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the northeast was spared the high wind as the storm headed out to sea. but hermine is still sending large waves crashing in new england. here is demarco morgan. >> reporter: as hermine turned up the northeast she put a fizzle on the unofficial last day of summer. thrashing waves and dangerous rip currents kept most beach-goers from new jersey to cape cod out of the water. geraldine spent the day at coney island. >> we were in the water. lifeguard were looking at us. >> hermine, a cat 1 hurricane, came ashore early friday morning in florida with 80 mile per hour wind and dumped up to 18 inches of rain. it quickly lost steam as the it veered through the carolinas. still tropical storm warnings were issued for shore towns up the east coast. overnight, rough waters rocked this royal caribbean cruise ship headed from new jersey to
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>> when you see the crew on a cruise ship starting to get dizzy and sick you know it has gotten pretty bad. >> the owner of the beachcomber restaurant in wellfleet, massachusetts relieved to be spared the brunt of the storm. any concern when it was moving from florida? >> pretty much they thought it would stay east of us. fine with me. 60-mile-per-hour wind off the coast of new england and could make landfall by wednesday. hermine expected to head to sea this week. >> demarco morgan. demarco, thank you.
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a new hurricane formed today in the pacific. newton is about 200 miles southeast of cabo san lucas tracking toward the baja peninsula. remnants could hit arizona by wednesday. >> today, president obama flew days at the g-20 summit in china. the president had hoped to strike a deem with russia to stop the fighting in syria. but that did not happen. margaret brennan is traveling with the president. >> reporter: president obama left his 90-minute meeting with vladamir putin empty-handed. >> we haven't yet closed the gaps in a way where we think it would actually work. >> reporter: putin pulled back at the last minute from a cease-fire deal in syria turning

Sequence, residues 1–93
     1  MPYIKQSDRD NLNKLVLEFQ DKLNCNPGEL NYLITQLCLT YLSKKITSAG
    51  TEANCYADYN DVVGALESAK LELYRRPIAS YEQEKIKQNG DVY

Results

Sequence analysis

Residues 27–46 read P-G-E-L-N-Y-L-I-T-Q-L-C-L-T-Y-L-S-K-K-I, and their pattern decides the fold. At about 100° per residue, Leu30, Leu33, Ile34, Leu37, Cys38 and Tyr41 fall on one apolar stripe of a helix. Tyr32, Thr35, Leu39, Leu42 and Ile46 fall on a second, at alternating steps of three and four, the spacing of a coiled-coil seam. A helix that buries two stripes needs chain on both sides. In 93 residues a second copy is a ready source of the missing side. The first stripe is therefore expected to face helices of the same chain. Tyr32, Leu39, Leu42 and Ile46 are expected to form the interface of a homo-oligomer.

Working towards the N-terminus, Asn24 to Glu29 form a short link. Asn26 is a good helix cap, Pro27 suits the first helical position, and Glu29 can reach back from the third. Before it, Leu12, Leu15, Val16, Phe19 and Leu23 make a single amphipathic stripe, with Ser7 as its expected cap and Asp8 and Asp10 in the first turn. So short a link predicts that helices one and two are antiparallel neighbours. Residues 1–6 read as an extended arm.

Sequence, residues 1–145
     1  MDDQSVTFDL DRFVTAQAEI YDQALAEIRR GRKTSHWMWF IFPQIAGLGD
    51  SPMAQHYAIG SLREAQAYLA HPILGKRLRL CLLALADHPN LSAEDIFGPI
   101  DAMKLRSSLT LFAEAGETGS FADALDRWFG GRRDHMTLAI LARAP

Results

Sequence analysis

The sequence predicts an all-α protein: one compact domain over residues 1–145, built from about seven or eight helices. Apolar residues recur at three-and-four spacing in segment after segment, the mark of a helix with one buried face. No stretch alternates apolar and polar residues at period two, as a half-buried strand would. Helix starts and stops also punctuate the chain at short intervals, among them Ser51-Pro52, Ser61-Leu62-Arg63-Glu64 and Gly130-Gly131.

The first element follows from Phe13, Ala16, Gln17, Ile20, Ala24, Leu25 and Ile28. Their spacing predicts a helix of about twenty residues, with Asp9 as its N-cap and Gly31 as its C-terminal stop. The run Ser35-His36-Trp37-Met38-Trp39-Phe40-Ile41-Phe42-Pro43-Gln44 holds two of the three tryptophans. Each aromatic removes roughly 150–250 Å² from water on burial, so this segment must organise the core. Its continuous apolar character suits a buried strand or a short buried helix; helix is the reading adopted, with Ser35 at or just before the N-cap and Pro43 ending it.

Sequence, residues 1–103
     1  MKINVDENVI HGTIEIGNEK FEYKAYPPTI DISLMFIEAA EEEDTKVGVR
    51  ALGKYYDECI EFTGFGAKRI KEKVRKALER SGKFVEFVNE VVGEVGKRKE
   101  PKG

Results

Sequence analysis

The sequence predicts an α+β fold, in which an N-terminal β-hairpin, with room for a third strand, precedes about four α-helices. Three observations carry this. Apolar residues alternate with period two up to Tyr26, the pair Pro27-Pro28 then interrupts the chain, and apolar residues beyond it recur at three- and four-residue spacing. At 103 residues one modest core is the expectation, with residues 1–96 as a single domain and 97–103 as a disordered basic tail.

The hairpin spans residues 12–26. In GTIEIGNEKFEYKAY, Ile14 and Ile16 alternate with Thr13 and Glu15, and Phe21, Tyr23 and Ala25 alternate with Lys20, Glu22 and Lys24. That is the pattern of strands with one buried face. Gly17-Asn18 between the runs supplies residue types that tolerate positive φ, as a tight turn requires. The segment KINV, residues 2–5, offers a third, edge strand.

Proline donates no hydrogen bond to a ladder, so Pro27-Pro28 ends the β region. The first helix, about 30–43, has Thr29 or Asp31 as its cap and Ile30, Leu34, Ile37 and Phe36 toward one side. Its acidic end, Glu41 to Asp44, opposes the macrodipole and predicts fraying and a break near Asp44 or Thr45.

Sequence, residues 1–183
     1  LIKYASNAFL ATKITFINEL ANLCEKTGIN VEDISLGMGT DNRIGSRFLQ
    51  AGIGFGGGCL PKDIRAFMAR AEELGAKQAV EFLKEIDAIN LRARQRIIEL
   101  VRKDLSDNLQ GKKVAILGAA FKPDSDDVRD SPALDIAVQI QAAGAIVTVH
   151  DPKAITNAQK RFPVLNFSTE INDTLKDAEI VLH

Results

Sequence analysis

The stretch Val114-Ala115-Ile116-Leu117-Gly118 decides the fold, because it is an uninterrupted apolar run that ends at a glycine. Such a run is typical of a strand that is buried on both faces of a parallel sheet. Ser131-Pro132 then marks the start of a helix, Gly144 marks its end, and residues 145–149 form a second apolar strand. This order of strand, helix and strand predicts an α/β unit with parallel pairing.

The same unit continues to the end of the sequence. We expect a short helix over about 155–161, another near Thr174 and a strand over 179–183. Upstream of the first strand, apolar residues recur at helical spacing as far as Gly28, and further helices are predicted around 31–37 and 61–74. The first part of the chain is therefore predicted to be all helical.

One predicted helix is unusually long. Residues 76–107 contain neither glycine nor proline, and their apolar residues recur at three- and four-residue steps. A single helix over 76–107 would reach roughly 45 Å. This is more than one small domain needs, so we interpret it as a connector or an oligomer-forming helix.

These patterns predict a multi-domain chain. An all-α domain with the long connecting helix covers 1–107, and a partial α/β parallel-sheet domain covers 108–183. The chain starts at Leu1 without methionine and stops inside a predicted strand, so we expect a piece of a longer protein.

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air strikes against isis and al qaeda linked terrorists. that mr. obama would even consider making such an extraordinary proposal shows how powerful vladamir putin has become. >> on the eve of what would have been another tense meeting with philippine president dutarte. the white house called it off after the controversial leader publicly insulted president obama. >> you must be respectful. >> reporter: then speaking, he said he would call the u.s. president a son of a -- if questioned about the extra judicial killing of suspected drug runners since july. the president said he was awaver the insult. >> i have seen some of those colorful statements in the past. and so clearly he is a colorful guy. >> elaine, the white house says that president obama will instead meet with south korea's leader to discuss north korea's latest ballistic missile test. >> margaret brennan, margaret,
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first by a sitting u.s. president. laos paid a terrible price during the vietnam war as american bombs rained down in a secret campaign. as the adriana diaz learned, the rules are still fresh. >> reporter: try telling her the war ended 43 years ago. in july the 8-year-old picked up what he thought was a ball. instead it exploded. >> these bombs are just waiting out there on the land to be found by some child. >> reporter: she has made it her life's mission to get rid of the millions of unexploded bombs littering laos. >> this is a solvable problem. we can get the bombs out of the ground. there wouldn't be death and injury in the future. >> reporter: during the vietnam war, the u.s. dropped 270 million bombs on neighboring
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vietnamese supply routes. craters from the blasts still scar the landscape. laos is the most heavily bombed country in the world per capita. on average, bombs were dropped here every eight minutes for nine years. chamvaongsa, lobbied u.s. congress and raised millions to clear the land. one acre can take two months to clear. >> it took second for the bombs to drop. it will take a lifetime or two to clear it. >> reporter: in the chaos after the war, chamvongsa and her family fled to the u.s. when she was 6. when she learned about the legacy of the u.s. bombing campaign, she knew she had to return. >> i would hope that, you know, little children would be able to walk to school without having to fear that they might not return at the end of the day. >> reporter: a bomb killed this